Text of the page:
This is a public performance performed in the manner of a square dance. Our easy-to-learn dancing patterns have been inspired by movements of relaxation, martial arts, and fragments of Roma dances. Every participant is part of a liquid social sculpture. By moving together and sharing a common public space, we celebrate a moment of common activities into a joyful becoming “The Future in Roma.”
Roma Jam Session Art Kollektiv (RJSaK) is the first art collective in Switzerland that dedicates its activities to creating fresh images of the Roma minority. Based in Zurich, the group works transdisciplinarily with members from the arts, acting, and design, and collaborates with guests from different fields. Since its first intervention in 2013 at a local art space, RJSaK has performed in Zurich at Manifesta 11 Parallel Events, Kunsthaus Zurich, and Shedhalle, as well as in other cities. Apart from its public art performances, the collective is engaged in political activism with various NGOs and in a working group at the federal office of culture (BAK) currently in the process of shaping the rights of minorities with regards to Roma, Sinti, and Yenish communities in Switzerland.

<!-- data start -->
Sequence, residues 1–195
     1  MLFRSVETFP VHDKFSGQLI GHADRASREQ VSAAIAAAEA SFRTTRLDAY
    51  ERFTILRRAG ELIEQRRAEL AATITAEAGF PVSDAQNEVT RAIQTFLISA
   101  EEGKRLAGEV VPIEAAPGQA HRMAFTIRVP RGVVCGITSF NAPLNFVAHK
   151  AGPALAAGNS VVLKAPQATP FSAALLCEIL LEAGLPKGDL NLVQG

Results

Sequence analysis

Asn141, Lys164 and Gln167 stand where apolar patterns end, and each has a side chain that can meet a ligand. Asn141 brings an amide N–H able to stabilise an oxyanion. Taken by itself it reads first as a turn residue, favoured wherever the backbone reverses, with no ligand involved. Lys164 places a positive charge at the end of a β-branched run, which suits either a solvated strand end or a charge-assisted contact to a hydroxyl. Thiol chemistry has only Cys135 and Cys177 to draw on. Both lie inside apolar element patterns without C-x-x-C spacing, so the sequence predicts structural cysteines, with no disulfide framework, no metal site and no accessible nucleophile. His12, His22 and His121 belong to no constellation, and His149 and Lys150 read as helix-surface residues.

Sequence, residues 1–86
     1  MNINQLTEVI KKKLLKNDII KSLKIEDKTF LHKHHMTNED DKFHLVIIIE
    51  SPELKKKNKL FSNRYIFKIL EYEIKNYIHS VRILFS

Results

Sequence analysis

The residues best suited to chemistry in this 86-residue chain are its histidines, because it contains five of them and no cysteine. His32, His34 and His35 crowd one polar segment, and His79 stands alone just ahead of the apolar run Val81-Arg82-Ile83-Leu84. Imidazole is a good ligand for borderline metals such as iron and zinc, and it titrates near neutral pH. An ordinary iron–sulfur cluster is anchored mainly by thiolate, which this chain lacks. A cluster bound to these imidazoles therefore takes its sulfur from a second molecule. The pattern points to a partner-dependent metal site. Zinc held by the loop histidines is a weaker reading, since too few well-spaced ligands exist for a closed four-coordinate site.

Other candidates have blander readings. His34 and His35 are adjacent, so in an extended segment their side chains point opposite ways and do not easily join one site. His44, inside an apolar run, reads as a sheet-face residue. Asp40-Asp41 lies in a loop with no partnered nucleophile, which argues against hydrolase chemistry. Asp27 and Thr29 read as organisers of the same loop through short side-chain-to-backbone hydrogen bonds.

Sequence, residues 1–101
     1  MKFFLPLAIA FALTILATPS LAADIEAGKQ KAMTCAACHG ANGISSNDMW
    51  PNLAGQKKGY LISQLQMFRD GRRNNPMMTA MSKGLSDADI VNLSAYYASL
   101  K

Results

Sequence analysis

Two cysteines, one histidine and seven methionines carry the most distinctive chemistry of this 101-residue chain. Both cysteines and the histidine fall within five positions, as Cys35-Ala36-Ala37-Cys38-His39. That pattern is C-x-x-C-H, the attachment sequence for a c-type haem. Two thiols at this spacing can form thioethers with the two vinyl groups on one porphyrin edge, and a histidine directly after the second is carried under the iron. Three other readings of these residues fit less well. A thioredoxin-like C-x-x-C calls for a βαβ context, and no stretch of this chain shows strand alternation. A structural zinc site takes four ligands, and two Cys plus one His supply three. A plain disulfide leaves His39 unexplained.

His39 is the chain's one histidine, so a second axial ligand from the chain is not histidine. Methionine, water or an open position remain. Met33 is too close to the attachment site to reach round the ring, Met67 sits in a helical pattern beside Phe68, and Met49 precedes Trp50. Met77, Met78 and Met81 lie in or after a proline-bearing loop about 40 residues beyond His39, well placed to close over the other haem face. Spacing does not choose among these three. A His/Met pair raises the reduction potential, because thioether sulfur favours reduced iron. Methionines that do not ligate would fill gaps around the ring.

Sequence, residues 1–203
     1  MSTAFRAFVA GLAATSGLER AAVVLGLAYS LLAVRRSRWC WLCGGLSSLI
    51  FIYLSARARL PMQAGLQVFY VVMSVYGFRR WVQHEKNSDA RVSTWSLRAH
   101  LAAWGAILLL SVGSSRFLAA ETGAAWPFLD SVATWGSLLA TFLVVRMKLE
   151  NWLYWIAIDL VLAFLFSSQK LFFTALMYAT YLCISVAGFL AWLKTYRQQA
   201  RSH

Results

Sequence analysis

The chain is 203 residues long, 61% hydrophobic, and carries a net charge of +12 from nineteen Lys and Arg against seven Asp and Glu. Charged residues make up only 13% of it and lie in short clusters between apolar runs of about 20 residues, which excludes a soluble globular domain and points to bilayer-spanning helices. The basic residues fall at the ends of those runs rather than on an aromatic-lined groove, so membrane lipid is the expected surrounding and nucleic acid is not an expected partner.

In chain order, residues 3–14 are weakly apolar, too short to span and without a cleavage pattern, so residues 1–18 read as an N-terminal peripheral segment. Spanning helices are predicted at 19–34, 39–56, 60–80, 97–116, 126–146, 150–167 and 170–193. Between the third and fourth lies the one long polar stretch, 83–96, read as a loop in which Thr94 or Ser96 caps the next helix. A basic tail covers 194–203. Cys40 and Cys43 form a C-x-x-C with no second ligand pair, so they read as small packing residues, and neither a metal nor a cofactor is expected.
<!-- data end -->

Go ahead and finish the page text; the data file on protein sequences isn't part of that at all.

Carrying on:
From Guests to Hosts: Reimagining the Art Institution
The presentation focuses on the process of how the Israeli Centre for Digital Art has shifted from an art institution that can be located almost anywhere into a site-specific institution. Relocating to the Jessy Cohen neighborhood in Holon in 2012, Director Eyal Danon has changed the center’s artistic program from focusing on exhibitions aimed for the Israeli art scene into a program based on various long-term projects and collaborations aimed at making the art institution a place where the community can re-invent itself.
Acknowledging the post_coloniality of Higher Art Education within Switzerland
Before we can ask what it means and takes to decolonize art institutions, it is necessary to acknowledge the colonial and post_colonial dimensions that are predominant in these very institutions. In pursuing this aim, this presentation applies a post_colonial perspective within the domain of Swiss Higher Art Education and discusses research experiences and findings from the project Art.School.Differences. The project, initiated by the Institute for Art Education, Zurich University of the Arts, addresses processes of inclusion and exclusion at the entry of the school, their discriminatory dimensions, the intersectional working of power relations, and its effects on institionalized normativity. To look at the swiss context of higher art education through a post_colonial lens will make the necessity of being rendered accountable clear and form the bedrock for initiating a decolonization of Swiss art institutions.